The Beastmaster was loosely based on the 1959 novel, The Beast Master, by sci-fi author Andre Norton (one of the pen names of Alice Mary Norton). Although Norton received no credit for the 1982 Coscarelli film, she is credited in the series. The year after The Beastmaster, Marc Singer would star in the very popular mini-series, V, about a stealthy invasion by reptilian aliens, which was followed by a second mini-series, V: The Final Battle, and a short-lived regular series, V: The Series. More recently, Singer will be making an appearance in the second season of the currently running V, a remake of the original mini-series.
Coscarelli’s film is one of the more memorable sword-and-sorcery movies. The director retains a frantic pace, pitting Dar against extraordinary obstacles. But in a world filled with beasts, the most deadly and evil -- the witches, the winged creatures, the army of faceless soldiers -- encompass a monstrosity derived from their humanlike features. The animals, on the other hand, are kindred spirits, and Dar, who places his faith and safety in them, is the unwavering hero.


  1. Good blog and offering niche film reviews

  2. I liked Beastmaster a lot, Sark, partly aided by my two boys who were 5 and 8 and insisted I watch it. They LOVED it. Marc Singer is not usually someone I feel is a good actor, but he did a great job in Beastmaster. I'm goign to haev to get the boys over (who are now in their 30's!) and have a Beastmaster movie night for old times sake! Very good review, Sark.

  3. Boy am I butterfingers this morning -- it's GOING, not goign, and HAVE, not haev!

  4. I remember sometime in the 1980s Dennis Miller said HBO stood for "Hey Beastmaster's On" due to its seemingly every other day run on the new network.

    I like this one too, though it does go on a bit too long. Great Lee Holdridge score too.

  5. I love this film, Sark. It is no great movie but a very enjoyable one. I used to watch it everytime it came on TV. I always thought the scene where the bird creatures (for lack of a better word for them) save Dar's life. It chilled me when they folded their wings and melted the beings. I have always liked Singer. He is pleasing in all his films. V is my favorite TV mini series. You could have included better photos of Marc in his warrior outfit though. He looks so hot in it!! I agree with Kevin about Holdridge's score. It is a great one and on my iPod. I listened to it this morning before checking out the cafe. A nice review that included interesting facts about the movie. Enjoyed reading it!!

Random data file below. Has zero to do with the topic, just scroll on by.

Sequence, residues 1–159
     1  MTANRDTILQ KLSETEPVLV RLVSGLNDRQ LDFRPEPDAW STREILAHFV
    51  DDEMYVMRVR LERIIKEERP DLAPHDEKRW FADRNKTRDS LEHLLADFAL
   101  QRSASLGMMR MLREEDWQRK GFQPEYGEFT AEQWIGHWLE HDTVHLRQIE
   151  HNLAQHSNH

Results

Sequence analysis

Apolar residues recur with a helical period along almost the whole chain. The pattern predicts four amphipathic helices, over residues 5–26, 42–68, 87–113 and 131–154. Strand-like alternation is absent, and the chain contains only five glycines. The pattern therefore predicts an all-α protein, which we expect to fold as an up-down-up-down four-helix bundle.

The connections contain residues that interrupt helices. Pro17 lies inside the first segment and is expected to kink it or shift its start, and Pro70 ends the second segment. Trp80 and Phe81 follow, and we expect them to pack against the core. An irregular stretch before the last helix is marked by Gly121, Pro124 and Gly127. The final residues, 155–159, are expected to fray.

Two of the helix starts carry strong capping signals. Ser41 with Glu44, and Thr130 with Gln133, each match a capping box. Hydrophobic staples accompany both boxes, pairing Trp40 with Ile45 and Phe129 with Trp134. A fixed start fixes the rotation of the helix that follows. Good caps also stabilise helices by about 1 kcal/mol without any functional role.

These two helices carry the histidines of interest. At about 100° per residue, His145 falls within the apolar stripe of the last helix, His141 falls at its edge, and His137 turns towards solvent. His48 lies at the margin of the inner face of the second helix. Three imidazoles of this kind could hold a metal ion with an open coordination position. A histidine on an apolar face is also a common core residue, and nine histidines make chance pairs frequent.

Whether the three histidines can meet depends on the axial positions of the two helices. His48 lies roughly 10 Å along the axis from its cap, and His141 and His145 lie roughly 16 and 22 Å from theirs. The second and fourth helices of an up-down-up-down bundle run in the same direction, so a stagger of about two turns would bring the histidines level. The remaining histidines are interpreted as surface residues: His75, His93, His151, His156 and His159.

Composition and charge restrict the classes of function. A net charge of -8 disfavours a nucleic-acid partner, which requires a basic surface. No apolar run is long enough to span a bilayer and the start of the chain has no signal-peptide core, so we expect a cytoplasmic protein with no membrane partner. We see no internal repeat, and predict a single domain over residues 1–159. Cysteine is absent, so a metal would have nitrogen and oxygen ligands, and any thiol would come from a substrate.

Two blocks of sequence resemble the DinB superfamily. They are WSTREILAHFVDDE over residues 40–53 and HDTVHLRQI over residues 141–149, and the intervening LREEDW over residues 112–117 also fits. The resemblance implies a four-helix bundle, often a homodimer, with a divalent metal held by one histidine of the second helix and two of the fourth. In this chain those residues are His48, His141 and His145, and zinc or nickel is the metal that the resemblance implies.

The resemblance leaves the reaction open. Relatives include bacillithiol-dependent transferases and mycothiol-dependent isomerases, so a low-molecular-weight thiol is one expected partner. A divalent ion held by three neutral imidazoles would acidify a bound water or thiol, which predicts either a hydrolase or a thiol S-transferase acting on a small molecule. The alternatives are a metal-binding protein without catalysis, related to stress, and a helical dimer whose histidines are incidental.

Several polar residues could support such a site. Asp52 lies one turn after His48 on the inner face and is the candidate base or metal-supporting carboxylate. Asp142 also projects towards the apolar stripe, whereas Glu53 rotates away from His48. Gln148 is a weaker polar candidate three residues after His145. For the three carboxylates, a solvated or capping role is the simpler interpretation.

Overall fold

6. Hey sark, Beastmaster was shot in the wilds of Simi Valley (sort of a joke among SoCal locals). And in certain tight close-ups you can actually see Marc's contact lenses! Which started a popular drinking game while watching the movie - take a drink every time you spot Marc's contacts!

    And Becks, I think Aki gave us the reason why you really watch this movie....Singer in his "hot warrior outfit", LOL?

  7. Paul, I refuse to answer on the grounds that it may say too much about me!!

  8. Sark, this was a fabulous review of my favorite sword-and-sorcery film of the 1980s. Coscarelli knows how to make entertaining movies--I'm a fan of PHANTASM AND BUBBA HO-TEP as well. Singer is likable as the hero (typically, I'm not one of his fans). As for the beefcake comments made by my fellow Cafe readers, all I can say is that Tanya Roberts provides an equal dose of cheesecake (especially for a PG-13 film). In hindsight, this was probably Tanya's best performance in a film (well, compare it to SHEENA or A VIEW TO A KILL). Coscarelli has great fun with the man-communicating-with-animals premise. I love your post title and contention that the humans are the beast, especially when compared to Dar's loyal, courageous animal friends. You've added some depth to a movie designed just to be fun. That's pretty cool.

  9. Sorry, Rick, but there is no way Tanya looks as good as Marc in his hot warrior outfit. Marc Singer in The Beastmaster is awesome!! I wouldn't mind having a huge poster of this movie.

  10. I am not certain but I speculate that this is the "cakiest" blog we have ever had at the Cafe! And, Paul, your post was really funny! I love movies where the protagonist cares for animals so "Beastmaster" appeals to me on that level, too. Great review, Sark! I think I may need to revisit "Beastmaster" again.

  11. Sark, I am ashamed to admit this, but I have seen this several times...mostly because it came out when I was still a child and my brother's and I thought it was totally "rad". Loved your review.